Project-based Language Learning (PBLL) provides students with opportunities to use the target language purposefully and to interact with culturally authentic materials. Because PBLL holds critical benefits for its students, it is important that teachers learn best practices for implementation and how to overcome the challenges that PBLL brings. This study focuses on the experiences of 15 world language teachers as they participated in a PBLL professional development series developed by the National Foreign Language Resource Center (NFLRC) at the University of Hawai'i at Mānoa. Findings from this study are based on data gathered from surveys and interviews with a diverse group of educators for the purpose of gaining an understanding of what participants learned and the activities that impacted learning of PBLL. Results show that learning about gold standard elements of PBLL made the biggest impact on participants' pedagogical beliefs and motivated them to change their practice. Activities that positively impacted learning were those that were active, social, and related to practice. Participants were overwhelmed with the amount of content and needed help making connections between the content and their teaching contexts. Overall, participants' experiences in the professional development series led to a change in pedagogical beliefs and a desire to alter their implementation of PBLL.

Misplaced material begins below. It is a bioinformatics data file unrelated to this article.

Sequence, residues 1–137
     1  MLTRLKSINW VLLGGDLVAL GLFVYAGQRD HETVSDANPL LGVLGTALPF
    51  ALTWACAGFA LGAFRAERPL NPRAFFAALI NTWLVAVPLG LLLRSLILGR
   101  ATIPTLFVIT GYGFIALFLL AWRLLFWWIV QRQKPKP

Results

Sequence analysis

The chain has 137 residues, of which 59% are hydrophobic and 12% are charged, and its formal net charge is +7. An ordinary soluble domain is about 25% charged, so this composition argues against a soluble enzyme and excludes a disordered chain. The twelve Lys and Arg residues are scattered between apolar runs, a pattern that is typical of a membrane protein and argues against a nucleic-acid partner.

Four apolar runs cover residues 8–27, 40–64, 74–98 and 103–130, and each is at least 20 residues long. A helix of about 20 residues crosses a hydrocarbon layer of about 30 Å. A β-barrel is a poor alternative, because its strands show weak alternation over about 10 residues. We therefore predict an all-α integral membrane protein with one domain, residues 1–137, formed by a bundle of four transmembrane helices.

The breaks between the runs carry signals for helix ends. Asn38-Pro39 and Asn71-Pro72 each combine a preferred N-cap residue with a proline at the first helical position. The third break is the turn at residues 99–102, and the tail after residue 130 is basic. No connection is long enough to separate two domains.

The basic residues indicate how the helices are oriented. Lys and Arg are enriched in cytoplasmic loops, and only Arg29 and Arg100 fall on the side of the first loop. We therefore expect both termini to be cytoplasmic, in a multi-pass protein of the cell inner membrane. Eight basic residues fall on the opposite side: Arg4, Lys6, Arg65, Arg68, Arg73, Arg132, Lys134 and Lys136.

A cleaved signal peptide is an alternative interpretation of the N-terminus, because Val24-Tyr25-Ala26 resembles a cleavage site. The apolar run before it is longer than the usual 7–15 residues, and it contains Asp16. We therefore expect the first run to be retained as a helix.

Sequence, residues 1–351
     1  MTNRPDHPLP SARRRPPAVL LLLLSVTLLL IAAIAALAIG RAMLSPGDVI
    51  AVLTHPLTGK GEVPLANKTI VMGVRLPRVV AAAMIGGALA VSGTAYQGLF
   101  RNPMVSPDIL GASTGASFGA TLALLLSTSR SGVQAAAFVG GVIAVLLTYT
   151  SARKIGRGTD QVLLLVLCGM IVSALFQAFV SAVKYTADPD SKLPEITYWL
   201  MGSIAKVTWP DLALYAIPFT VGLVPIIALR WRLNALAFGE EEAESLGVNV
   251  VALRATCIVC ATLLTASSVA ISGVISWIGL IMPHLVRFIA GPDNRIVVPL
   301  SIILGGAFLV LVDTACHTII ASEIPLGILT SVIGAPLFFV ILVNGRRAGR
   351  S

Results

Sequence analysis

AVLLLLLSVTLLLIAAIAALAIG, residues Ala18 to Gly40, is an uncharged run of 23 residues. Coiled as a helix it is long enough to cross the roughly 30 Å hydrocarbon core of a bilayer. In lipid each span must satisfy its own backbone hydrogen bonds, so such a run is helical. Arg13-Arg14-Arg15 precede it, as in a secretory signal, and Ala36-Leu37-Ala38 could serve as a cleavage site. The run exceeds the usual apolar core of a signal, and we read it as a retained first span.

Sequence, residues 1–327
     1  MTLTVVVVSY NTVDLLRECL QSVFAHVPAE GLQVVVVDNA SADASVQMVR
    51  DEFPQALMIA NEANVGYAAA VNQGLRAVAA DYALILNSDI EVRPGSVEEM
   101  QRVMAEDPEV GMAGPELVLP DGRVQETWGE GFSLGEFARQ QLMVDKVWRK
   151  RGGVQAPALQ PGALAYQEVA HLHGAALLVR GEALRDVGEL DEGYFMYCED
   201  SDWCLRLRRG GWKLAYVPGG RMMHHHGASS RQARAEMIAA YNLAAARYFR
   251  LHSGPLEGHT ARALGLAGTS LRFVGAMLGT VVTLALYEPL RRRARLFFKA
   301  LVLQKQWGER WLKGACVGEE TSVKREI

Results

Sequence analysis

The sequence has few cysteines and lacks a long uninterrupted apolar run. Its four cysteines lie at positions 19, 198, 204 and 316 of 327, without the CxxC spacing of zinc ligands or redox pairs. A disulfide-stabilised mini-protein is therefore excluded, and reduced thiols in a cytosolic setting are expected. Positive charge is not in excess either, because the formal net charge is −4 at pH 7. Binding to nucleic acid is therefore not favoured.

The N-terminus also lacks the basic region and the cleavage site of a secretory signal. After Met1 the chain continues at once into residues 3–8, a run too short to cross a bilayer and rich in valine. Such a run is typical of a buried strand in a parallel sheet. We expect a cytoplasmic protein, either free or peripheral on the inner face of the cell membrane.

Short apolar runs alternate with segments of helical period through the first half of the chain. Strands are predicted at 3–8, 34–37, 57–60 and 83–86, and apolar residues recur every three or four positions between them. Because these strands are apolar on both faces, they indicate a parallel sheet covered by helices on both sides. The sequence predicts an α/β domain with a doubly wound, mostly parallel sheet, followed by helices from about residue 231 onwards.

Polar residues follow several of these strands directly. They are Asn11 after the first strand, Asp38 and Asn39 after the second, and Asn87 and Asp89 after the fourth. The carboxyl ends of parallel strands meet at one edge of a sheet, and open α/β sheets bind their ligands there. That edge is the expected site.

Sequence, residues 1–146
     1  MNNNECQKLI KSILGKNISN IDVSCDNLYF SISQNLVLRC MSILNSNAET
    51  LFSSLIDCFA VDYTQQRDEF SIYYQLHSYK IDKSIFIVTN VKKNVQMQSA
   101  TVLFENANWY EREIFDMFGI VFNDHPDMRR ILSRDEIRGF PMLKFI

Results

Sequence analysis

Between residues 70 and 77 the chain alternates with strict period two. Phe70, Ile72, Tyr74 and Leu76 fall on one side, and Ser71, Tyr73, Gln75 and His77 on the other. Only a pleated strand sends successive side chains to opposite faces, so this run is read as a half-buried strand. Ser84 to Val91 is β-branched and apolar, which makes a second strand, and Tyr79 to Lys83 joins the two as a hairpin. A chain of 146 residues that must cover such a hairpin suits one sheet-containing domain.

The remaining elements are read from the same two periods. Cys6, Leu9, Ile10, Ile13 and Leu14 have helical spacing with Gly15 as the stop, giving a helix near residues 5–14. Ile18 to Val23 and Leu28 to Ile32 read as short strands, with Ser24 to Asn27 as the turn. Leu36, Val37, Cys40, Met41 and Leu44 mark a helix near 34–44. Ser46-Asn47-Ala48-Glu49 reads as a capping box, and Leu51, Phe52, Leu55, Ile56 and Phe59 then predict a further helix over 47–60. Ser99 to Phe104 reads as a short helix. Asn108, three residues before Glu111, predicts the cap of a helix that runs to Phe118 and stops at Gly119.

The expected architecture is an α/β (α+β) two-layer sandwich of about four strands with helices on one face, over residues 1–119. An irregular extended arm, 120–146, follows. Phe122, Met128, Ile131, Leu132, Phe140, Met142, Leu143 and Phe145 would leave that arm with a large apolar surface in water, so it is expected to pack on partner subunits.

College and Department
Humanities; Spanish and Portuguese
BYU ScholarsArchive Citation
Westenskow, Florencia, "Experiences in Professional Development Through Project-Based Language Learning" (2018). Theses and Dissertations. 7047.
Project-based Language Learning, foreign language, professional development, foreign language education, projects, PBLL